'Hope Taliban will keep promises': Sri Lanka's first reaction on Afghanistan
- A ministry statement said Sri Lanka is “happy to note that the Taliban have offered an amnesty and promised not to harm any foreigners and requests the Taliban to continue honouring that commitment”.
Sri Lanka on Saturday expressed hope that the Taliban will honour their pledges of offering amnesty, protecting women’s rights and not harming any foreigners after seizing power in Afghanistan.
The Taliban vowed on Tuesday to respect women's rights, media freedom, forgive those who fought them and ensure Afghanistan does not become a haven for terrorists.
Taliban spokesman Zabihullah Mujahid at a news conference promised the Taliban would honour women’s rights within the norms of Islamic law, without elaborating.
In its first reaction to the Taliban taking control of Afghanistan, Sri Lankan foreign ministry expressed hope that the group would honour all is pledges made since the takeover.
A ministry statement said Sri Lanka is “happy to note that the Taliban have offered an amnesty and promised not to harm any foreigners and requests the Taliban to continue honouring that commitment”.
Sri Lanka also urges the Taliban to keep its pledge that women are allowed to work and girls can go to school.
Colombo also hopes that an all-party mechanism will be established to take Afghanistan forward, as pledged by the Taliban, it said.
As a member of SAARC, Sri Lanka is prepared to take part “in any regional effort to prevent mass migration, religious extremist elements attempting to find a safe haven and enhanced illegal narcotic trade which can have a destabilising effect on the entire South Asian region”, the statement said.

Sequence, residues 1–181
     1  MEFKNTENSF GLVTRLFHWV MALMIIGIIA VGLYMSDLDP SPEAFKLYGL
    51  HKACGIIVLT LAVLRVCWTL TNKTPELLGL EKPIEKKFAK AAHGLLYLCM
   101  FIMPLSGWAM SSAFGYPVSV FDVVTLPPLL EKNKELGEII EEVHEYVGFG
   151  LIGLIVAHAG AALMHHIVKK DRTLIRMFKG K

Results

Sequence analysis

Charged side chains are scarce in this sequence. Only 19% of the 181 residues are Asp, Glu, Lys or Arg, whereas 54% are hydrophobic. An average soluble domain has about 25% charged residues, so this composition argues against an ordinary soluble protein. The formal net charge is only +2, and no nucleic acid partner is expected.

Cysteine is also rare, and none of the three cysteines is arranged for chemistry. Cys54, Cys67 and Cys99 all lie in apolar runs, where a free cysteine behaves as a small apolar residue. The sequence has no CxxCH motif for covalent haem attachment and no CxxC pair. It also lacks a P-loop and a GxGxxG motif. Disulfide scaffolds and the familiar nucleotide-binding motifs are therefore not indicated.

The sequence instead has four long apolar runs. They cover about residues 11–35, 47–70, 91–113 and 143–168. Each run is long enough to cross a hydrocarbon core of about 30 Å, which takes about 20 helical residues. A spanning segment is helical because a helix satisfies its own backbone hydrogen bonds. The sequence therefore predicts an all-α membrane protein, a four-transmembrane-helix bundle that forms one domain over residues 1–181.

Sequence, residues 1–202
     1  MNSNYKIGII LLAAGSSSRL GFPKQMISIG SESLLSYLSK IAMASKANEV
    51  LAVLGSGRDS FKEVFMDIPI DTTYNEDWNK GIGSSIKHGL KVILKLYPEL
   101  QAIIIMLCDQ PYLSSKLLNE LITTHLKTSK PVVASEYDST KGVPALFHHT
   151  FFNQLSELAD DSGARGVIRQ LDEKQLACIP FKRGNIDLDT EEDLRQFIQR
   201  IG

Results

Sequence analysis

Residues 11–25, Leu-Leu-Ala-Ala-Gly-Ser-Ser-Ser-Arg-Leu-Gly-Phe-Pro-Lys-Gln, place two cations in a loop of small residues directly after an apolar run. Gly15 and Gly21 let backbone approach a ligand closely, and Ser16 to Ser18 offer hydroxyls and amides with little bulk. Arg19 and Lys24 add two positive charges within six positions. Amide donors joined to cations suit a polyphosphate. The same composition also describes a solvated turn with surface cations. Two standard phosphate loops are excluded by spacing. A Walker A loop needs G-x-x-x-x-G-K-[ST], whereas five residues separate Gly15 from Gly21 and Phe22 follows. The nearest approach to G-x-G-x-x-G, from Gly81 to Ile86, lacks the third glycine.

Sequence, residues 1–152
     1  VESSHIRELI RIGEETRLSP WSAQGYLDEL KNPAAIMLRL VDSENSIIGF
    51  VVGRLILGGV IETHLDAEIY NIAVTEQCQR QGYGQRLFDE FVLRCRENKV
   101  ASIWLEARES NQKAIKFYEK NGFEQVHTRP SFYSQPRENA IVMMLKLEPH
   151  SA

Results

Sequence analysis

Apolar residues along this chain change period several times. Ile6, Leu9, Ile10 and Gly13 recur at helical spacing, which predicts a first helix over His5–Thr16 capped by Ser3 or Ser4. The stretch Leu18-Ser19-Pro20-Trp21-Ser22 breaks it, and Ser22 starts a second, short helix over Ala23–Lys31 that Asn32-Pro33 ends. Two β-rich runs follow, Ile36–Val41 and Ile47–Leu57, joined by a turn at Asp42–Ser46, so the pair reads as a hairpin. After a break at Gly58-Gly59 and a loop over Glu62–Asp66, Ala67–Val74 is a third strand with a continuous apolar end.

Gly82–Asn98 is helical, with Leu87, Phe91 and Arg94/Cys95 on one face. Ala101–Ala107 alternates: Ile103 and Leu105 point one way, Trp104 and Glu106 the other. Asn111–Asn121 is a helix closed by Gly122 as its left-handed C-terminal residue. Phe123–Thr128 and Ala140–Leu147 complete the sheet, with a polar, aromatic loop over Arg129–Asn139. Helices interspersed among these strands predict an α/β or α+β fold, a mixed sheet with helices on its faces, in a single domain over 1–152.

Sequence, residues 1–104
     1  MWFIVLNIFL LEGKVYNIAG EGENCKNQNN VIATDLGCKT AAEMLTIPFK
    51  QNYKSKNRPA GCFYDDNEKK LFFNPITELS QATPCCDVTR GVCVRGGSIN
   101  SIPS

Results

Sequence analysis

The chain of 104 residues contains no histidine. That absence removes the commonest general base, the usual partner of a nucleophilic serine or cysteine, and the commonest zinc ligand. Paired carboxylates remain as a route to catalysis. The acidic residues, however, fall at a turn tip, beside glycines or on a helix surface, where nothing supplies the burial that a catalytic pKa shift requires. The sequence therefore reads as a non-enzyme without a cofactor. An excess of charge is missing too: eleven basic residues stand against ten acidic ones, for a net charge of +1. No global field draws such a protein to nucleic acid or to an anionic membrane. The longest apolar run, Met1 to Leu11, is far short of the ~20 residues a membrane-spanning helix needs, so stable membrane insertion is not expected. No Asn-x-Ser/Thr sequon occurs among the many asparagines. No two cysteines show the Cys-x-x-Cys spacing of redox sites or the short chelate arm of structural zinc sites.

On the Sri Lankan nationals in Afghanistan, Sri Lanka has requested the US, the UK, India, Pakistan and the UN to evacuate them, the ministry said.
So far, 46 of the 86 Sri Lankans in Afghanistan have returned while 20 more have expressed willingness to stay on in the country.
The Taliban seized power in Afghanistan on Sunday, two weeks before the US was set to complete its troop withdrawal after a costly two-decade war.
The insurgents stormed across the country, capturing all major cities in a matter of days, as Afghan security forces trained and equipped by the US and its allies melted away.
Thousands of Afghan nationals are fleeing the country to escape the new Taliban regime and to seek asylum in different nations, including the US and many European nations.